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Case Reports in Dentistry
Volume 2013 (2013), Article ID 426178, 3 pages
http://dx.doi.org/10.1155/2013/426178
Case Report

Transient Hiccups Associated with Oral Dexamethasone

Department of Periodontics, Georgia Regents University College of Dental Medicine, 1120 15th Street, Augusta, GA 30912-1241, USA

Received 14 May 2013; Accepted 5 September 2013

Academic Editors: K. Seymour and J. A. Shibli

Copyright © 2013 Mark E. Peacock. This is an open access article distributed under the Creative Commons Attribution License, which permits unrestricted use, distribution, and reproduction in any medium, provided the original work is properly cited.

Abstract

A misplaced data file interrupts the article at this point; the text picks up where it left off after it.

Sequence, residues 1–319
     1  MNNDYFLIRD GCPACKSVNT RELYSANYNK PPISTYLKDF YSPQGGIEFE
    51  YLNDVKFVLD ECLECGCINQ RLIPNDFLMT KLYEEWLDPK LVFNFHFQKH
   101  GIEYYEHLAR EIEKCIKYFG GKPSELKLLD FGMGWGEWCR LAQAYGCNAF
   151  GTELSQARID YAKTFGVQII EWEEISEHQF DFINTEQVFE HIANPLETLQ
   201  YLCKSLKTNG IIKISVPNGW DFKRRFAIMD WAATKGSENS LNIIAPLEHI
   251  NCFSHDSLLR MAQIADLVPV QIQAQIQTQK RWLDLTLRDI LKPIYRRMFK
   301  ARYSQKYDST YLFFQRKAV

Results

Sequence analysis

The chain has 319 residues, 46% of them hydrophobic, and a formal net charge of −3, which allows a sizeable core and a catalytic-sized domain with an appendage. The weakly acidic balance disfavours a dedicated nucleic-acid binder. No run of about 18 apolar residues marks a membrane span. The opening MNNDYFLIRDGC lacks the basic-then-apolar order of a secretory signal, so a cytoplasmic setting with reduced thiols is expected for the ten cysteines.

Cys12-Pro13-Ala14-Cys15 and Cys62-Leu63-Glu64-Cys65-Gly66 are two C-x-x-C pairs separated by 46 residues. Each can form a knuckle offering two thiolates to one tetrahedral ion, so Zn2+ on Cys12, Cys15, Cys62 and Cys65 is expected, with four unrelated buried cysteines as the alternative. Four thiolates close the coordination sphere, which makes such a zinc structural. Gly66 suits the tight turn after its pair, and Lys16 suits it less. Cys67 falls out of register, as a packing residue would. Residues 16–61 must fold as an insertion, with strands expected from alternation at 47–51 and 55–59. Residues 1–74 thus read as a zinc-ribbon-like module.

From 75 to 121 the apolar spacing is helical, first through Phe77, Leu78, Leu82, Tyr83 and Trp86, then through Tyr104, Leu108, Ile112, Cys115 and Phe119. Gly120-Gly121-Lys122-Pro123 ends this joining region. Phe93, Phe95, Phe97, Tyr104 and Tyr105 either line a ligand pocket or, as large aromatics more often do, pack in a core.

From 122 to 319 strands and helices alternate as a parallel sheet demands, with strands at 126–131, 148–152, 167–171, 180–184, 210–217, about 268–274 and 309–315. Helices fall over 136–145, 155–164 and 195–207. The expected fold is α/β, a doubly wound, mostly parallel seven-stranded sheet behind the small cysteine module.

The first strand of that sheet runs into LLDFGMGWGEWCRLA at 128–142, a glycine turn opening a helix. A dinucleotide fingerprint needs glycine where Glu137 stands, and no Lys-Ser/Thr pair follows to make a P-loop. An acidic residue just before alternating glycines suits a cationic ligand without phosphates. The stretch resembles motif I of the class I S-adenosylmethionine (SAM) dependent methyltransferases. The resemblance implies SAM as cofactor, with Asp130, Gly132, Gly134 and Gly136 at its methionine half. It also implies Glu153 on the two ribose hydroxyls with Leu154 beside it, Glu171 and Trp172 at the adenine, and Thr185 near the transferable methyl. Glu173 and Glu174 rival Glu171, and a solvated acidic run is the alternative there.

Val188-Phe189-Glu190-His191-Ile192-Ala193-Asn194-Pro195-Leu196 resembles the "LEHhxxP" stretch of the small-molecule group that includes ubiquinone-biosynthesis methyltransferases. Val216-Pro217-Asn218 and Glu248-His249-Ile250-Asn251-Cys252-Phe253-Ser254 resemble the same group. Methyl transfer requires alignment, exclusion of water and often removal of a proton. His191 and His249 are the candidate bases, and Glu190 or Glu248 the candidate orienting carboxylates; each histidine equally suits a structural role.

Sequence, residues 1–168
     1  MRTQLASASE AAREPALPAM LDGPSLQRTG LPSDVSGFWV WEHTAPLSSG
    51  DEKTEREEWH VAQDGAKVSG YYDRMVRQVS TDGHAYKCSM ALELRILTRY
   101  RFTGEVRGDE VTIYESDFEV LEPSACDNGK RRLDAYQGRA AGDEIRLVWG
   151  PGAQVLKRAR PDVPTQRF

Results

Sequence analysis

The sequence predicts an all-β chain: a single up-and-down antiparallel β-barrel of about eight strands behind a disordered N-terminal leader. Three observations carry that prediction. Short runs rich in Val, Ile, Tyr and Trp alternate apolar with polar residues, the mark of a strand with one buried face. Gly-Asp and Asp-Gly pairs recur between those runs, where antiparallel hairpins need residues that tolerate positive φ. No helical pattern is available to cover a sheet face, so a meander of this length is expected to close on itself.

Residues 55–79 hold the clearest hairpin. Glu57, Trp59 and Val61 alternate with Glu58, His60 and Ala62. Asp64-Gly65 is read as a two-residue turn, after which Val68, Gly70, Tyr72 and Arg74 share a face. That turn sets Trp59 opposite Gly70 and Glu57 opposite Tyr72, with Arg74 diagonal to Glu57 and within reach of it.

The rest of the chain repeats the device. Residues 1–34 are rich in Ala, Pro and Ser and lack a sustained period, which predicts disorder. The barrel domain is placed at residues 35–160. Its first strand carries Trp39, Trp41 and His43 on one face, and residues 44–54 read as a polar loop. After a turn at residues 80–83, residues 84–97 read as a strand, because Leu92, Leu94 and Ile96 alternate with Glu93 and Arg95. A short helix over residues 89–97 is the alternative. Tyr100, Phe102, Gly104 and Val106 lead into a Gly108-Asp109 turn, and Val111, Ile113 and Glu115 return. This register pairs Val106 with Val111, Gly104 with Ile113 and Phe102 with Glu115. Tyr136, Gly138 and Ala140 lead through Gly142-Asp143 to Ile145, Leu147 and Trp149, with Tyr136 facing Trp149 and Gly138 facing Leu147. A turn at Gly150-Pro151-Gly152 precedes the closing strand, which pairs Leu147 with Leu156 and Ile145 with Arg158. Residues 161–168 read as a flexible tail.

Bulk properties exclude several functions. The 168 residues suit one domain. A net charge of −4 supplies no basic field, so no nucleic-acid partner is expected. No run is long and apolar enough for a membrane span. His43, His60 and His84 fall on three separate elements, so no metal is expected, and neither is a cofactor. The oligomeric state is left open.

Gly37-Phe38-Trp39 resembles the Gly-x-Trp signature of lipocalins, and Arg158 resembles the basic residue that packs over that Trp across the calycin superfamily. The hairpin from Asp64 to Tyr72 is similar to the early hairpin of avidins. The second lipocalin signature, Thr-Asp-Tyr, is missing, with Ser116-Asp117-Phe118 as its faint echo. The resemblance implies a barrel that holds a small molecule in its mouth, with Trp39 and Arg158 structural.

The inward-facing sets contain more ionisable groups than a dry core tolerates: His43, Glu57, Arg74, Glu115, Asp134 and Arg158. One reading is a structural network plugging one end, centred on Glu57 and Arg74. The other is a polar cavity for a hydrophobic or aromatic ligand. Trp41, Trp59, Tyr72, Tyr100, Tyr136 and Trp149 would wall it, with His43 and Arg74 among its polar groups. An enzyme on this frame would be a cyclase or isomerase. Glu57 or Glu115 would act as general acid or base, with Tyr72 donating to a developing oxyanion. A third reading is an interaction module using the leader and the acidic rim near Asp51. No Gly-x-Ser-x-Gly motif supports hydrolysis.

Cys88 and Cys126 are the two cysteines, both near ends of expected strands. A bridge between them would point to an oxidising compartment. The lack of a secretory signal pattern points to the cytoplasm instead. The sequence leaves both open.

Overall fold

Hiccups, or singulata (hiccup is singultus), are commonly experienced by most people at one time or another and are usually brief and self-limiting. Although pharmacotherapeutic agents are not generally considered causal in the etiology of hiccups, many clinicians empirically associate episodic hiccups in their patients as being drug induced. The two classes of drugs most often cited as causing hiccups are corticosteroids and benzodiazepines. This report involved a patient who was given preoperative dexamethasone and developed hiccups before anesthesia and surgery commenced. He at no time was in distress, and the surgical procedure was completed without complication. By the second postsurgical day his hiccups were resolved completely. Although the association may be anecdotal, many clinicians consider hiccups a potential side effect of steroid therapy, especially high doses of steroids. Of interest in this case is the relatively low dose of corticosteroid used, albeit apparently linked to his hiccups. Practitioners should be aware of this potential condition.